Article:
Written by Jared Van Houten
Edited and Packaged by Tom McCarthy
Students in Professor Lindsay Lennon’s Feature Writing class were assigned interviews with SUNY New Paltz alumni who were featured in Wired Gallery’s “Golden Age of New Paltz” exhibition. This is what they found:
Theodora Pappas walked into the Atrium at SUNY New Paltz on a warm September afternoon. After a quick hello and introduction, she walked upstairs into the Student Union Building to find a quiet place to chat, a place filled with memories for her and her golden age compatriots. She sat down and began to tell of a simple time when young dreamers made art together. This was known as the Golden Age of New Paltz.
What was it like to be a part of the Golden Age of New Paltz?
Oh, it was magic. That whole era was so magical. We were a bunch of rebellious people from Brooklyn, the Bronx and Queens. We were sort of anti-authority, but not like sitting in the dean’s office. It would be small things. Like the dean’s first name was Jack. So sometimes when the dean would walk through the Student Union Building, one of us would go to the jukebox and put in money for “Hit the Road Jack.” But we did a lot of artwork. The buildings weren’t new. We worked in the TA Buildings, which stood for “Temporary Art Buildings.” These were actually old chicken coops, which had been sanitized, of course, and I think the chicken wire had been taken out. Those old buildings were great because it didn’t matter. You could fling paint on the walls, and you could plaster all over the place, because who cared? We would also go to the town dump and pick up stuff for our art, because sometimes the teachers would want us to do things with “found objects.” You could do anything you wanted and none of the art teachers would tell you that it wasn’t art. My sculpture teacher told me, “If you say that’s art, that’s art.” You feel good about things like that.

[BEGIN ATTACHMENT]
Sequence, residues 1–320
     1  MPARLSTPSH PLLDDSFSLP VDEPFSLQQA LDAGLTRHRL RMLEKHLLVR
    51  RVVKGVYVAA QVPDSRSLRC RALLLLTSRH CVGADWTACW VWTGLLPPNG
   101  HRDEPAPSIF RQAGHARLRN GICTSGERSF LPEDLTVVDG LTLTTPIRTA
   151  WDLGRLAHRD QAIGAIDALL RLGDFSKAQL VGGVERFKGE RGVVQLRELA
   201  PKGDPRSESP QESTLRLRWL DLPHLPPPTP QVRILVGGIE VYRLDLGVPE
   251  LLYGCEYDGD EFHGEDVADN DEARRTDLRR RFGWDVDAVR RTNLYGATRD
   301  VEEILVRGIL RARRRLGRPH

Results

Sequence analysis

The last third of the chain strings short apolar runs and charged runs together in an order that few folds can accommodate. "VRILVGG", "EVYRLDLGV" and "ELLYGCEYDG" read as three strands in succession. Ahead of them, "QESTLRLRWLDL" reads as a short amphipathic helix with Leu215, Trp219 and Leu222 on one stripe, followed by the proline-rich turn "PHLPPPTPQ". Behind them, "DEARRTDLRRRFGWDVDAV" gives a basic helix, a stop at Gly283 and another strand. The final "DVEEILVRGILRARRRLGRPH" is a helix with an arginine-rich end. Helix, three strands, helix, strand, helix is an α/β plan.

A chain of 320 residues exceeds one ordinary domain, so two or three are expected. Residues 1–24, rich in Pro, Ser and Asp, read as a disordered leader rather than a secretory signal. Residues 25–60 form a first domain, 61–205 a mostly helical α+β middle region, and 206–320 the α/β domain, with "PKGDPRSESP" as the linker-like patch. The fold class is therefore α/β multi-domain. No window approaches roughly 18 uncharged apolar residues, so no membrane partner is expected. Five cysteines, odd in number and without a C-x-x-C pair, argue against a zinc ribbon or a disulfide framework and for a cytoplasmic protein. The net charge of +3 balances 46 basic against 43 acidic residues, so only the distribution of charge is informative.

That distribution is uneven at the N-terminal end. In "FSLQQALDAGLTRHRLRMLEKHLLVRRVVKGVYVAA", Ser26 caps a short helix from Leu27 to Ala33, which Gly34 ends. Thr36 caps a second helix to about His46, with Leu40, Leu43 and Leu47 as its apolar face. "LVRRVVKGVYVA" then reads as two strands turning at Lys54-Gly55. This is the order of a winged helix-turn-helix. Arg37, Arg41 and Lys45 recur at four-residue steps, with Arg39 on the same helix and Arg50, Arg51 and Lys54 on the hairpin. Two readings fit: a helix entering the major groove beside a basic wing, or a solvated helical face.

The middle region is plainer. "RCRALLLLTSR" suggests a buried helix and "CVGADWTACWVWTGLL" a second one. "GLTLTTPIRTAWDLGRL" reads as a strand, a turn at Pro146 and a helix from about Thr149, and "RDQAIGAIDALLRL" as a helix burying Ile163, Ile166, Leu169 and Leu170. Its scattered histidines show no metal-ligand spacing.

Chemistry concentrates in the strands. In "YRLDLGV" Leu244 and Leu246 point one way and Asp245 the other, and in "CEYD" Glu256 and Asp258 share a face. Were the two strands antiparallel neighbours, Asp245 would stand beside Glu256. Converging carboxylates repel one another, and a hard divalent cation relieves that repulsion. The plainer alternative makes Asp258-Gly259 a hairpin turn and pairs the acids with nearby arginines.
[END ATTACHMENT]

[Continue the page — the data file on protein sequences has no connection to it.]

What are some things that you took away from your experience at New Paltz?
That if I say that something is art, it’s art. I haven’t thought about that saying in a very long time, but it was amazing to me when I first heard it. And it’s a very empowering and uplifting statement, especially if you’re young and don’t know what you’re doing (laughs). Also, don’t worry so much about making mistakes. If you make a mistake, use it. Use that coffee stain and incorporate it into your art.